Stories of a future apocalypse abound, ranging from zombie outbreaks to massive meteor strikes. A new novel foretells an equally grim future: a world without wine!
We recently had the opportunity to read a pre-release copy of a mystery/thriller titled Root Cause by Steven Laine. In this novel, we meet Corvina Guerra, a traveling winemaker who travels around the world helping wineries and their winemakers produce their very best wines. During one such visit, she discovers something truly frightening: a new strain of the aphid phylloxera that can kill grapevines that were previously phylloxera resistant. In that moment, she realizes that all of the world’s wine production could be in peril!
With the premise revealed mere pages into the book, the pace and tension never relent. Corvina and Bryan Lawless, a disgraced wine expert, criss-cross the vineyards of the world searching for clues. How could this happen? What or who is behind the release of this new, destructive strain of aphid?
Root Cause is an intriguing story, delivering a fast-paced who-done-it against a backdrop of wine industry machinations and exotic winery settings. Nearly every continent is visited, with famous wine houses playing pivotal roles along the way. As Corvina and Bryan learn more about the aphids, readers learn about the intricacies of earning a Master of Wine designation, the global wine business, and some surprising secrets of the major Champagne houses of France.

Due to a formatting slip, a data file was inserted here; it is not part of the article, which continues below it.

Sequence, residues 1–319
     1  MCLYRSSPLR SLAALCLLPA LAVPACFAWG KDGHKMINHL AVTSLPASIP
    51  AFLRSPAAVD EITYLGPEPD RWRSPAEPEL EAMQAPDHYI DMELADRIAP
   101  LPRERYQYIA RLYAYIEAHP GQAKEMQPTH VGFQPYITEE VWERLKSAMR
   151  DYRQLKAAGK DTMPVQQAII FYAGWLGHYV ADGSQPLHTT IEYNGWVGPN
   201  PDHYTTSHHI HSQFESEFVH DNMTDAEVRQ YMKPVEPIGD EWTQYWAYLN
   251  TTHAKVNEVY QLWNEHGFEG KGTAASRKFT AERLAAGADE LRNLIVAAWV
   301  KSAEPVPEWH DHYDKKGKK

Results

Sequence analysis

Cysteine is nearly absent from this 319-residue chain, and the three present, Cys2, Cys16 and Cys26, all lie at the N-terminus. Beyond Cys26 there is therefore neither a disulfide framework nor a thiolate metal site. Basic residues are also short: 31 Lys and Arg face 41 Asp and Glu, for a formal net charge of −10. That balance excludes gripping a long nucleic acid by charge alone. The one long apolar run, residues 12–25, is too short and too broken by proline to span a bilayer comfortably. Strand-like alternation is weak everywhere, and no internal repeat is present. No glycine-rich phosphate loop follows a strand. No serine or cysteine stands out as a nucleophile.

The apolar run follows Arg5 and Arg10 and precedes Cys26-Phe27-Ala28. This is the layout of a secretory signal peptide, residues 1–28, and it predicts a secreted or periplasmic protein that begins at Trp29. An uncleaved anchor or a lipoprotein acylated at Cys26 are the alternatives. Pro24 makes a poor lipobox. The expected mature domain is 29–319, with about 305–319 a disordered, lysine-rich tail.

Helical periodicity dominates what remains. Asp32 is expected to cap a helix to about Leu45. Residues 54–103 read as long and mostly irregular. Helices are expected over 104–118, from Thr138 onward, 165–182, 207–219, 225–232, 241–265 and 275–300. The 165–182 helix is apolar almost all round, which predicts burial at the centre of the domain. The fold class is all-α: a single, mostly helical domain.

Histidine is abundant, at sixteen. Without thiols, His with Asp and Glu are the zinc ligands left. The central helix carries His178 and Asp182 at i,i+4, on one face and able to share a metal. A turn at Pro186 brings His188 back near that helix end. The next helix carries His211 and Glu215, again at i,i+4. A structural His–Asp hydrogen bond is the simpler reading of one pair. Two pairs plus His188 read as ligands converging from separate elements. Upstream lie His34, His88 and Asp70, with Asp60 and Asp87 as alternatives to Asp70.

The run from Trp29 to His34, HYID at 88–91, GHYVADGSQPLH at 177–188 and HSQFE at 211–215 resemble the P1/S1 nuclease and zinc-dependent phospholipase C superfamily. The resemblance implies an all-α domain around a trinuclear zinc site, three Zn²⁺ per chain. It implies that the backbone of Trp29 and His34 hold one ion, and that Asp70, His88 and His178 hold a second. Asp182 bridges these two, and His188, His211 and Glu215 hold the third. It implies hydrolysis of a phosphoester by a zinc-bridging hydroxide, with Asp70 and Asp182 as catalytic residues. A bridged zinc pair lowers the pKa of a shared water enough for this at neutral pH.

Author Steven Laine has created a rich slate of characters with enough twists and surprises to keep the reader guessing. Who can be trusted and who is plotting to destroy the wine industry? Why does Corvina always wear a fancy scarf? Can that Interpol agent really be trusted? The character development is a layered and nuanced as a fine Red Blend.
Now available from Turner Publishing , Steven Laine has created a fun and thrilling romp through the wine world, perfect for any wine lover’s book club. Check out Root Cause!
About the Author: John grills a mean steak and is always in the market for another wine fridge. Believes that if a winery has more than 10 employees, it's probably too big. Buys wine faster than he drinks it, but who cares?